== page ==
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Systematic assessment of the in vitro research on high potency effects. Publications of experiments were collected through databases, experts, previous reviews, citation tracking. Inclusion criteria: stepwise agitated dilutions <10(-23); cells or molecules from human or animal. Experiments were assessed with the modified SAPEH score. From 75 publications, 67 experiments (1/3 of them replications) were evaluated. Nearly 3/4 of them found a high potency effect, and 2/3 of those 18 that scored 6 points or more and controlled contamination. Nearly 3/4 of all replications were positive. Design and experimental models of the reviewed experiments were inhomogenous, most were performed on basophiles. Even experiments with a high methodological standard could demonstrate an effect of high potencies. No positive result was stable enough to be reproduced by all investigators. A general adoption of succussed controls, randomization and blinding would strengthen the evidence of future experiments.
Article
Most women of reproductive age have some physical discomfort or dysphoria in the weeks before menstruation. Symptoms are often mild, but can be severe enough to substantially affect daily activities. About 5-8% of women thus suffer from severe premenstrual syndrome (PMS); most of these women also meet criteria for premenstrual dysphoric disorder (PMDD). Mood and behavioural symptoms, including irritability, tension, depressed mood, tearfulness, and mood swings, are the most distressing, but somatic complaints, such as breast tenderness and bloating, can also be problematic. We outline theories for the underlying causes of severe PMS, and describe two main methods of treating it: one targeting the hypothalamus-pituitary-ovary axis, and the other targeting brain serotonergic synapses. Fluctuations in gonadal hormone levels trigger the symptoms, and thus interventions that abolish ovarian cyclicity, including long-acting analogues of gonadotropin-releasing hormone (GnRH) or oestradiol (administered as patches or implants), effectively reduce the symptoms, as can some oral contraceptives. The effectiveness of serotonin reuptake inhibitors, taken throughout the cycle or during luteal phases only, is also well established.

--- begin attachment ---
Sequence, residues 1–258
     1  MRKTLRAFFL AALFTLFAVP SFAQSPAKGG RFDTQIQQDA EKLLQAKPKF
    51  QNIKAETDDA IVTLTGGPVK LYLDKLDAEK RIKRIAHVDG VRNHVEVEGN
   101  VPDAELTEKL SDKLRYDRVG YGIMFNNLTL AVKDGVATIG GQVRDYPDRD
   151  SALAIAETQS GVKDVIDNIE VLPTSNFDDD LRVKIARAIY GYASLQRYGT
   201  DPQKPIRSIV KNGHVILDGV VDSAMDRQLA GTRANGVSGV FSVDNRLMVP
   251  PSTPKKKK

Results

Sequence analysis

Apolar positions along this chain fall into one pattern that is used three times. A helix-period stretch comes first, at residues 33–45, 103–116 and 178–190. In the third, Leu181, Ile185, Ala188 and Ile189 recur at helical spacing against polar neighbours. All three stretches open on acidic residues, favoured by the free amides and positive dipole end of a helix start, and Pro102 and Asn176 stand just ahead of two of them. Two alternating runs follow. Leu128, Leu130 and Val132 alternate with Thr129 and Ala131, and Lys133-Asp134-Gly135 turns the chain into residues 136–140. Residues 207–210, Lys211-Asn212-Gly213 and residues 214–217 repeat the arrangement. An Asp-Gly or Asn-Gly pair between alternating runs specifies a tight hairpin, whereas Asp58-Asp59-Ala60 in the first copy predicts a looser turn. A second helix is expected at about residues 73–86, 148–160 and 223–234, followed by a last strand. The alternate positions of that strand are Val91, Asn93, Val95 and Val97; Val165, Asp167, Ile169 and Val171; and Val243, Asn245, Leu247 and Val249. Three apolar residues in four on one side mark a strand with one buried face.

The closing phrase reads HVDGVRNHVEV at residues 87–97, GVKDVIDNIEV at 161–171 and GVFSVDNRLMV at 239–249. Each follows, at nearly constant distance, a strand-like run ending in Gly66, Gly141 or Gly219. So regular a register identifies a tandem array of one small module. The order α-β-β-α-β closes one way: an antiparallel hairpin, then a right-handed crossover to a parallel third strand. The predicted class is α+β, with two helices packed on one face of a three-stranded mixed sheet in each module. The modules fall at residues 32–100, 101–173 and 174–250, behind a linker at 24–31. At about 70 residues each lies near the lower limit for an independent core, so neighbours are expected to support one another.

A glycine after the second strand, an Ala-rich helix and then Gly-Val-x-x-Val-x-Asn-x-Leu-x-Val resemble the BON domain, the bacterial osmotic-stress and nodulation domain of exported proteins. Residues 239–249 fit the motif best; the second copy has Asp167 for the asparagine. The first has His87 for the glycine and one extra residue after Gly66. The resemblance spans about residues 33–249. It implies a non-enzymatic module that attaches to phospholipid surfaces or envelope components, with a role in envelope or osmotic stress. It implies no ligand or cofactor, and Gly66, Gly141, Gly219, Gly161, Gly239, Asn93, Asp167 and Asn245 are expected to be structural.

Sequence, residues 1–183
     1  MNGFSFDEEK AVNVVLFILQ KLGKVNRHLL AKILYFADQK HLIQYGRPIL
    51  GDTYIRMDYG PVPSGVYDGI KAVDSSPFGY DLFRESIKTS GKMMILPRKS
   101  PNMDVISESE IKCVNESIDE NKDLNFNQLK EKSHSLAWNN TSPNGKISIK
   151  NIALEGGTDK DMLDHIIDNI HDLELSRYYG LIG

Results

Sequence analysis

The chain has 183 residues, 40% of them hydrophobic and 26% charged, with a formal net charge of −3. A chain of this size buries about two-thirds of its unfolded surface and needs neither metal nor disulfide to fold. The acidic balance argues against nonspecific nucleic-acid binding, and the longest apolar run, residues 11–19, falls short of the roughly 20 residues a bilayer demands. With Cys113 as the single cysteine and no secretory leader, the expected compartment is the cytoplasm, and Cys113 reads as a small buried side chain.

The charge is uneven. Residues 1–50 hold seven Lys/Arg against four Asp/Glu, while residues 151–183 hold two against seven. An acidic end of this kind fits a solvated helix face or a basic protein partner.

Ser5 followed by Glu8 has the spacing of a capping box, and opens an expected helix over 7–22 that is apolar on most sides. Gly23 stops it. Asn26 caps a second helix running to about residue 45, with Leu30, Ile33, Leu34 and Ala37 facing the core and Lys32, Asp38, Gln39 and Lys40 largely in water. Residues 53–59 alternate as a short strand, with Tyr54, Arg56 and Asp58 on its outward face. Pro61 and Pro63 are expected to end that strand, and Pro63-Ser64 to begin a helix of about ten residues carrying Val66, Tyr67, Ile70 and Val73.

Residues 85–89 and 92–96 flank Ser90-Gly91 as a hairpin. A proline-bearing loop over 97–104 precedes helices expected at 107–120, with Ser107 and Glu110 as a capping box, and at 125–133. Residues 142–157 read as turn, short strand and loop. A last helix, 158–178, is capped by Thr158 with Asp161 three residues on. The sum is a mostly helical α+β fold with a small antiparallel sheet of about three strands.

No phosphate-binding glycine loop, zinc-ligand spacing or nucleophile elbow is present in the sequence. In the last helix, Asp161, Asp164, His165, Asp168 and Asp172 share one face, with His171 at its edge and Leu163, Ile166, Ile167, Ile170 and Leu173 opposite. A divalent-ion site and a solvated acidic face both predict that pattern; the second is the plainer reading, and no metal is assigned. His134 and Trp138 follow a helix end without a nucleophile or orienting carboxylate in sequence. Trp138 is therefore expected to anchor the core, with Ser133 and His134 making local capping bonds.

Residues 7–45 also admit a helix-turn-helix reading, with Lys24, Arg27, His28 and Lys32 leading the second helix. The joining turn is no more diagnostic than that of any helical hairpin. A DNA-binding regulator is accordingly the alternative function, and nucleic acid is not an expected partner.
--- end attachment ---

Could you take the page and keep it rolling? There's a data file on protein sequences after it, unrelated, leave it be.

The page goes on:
Dutch translation 3rd edition by
  • Homeotherapy
Homeotherapy, paragraph 24-25 and The Simile, paragraph 26-34. In: Hahnemann S. Organon der Heilkunst (1810). Dutch translation 3rd edition by O.E.A. Goetze. Alkmaar, Homeovisie 1996:14-19
Evaluating Homeopathic medicine: Clinical and Social Research with Premenstrual Syndrome (PMS) as a Case Study
  • M Yakir
Yakir M. Evaluating Homeopathic medicine: Clinical and Social Research with Premenstrual Syndrome (PMS) as a Case Study [PhD Dissertation, English version], Hebrew University, Jerusalem, 2002
The cognitive orientation of suggestibility. A tool for predicting who will respond to suggestion (unpublished)
  • S Kreitler
  • H Kreitler
Kreitler S, Kreitler H. The cognitive orientation of suggestibility. A tool for predicting who will respond to suggestion (unpublished). Dept. of Psychology, Tel Aviv University; 1990
A qualitative study to determine the efficacy of the homeopathic simillimum in the treatment of premenstrual syndrome
  • T Komar
  • K S Peck
  • J R Torline
  • M Deroukakis
Komar T, Peck KS, Torline JR, Deroukakis M. A qualitative study to determine the efficacy of the homeopathic simillimum in the treatment of premenstrual syndrome. Am J Hom Med 2006; 99:196-204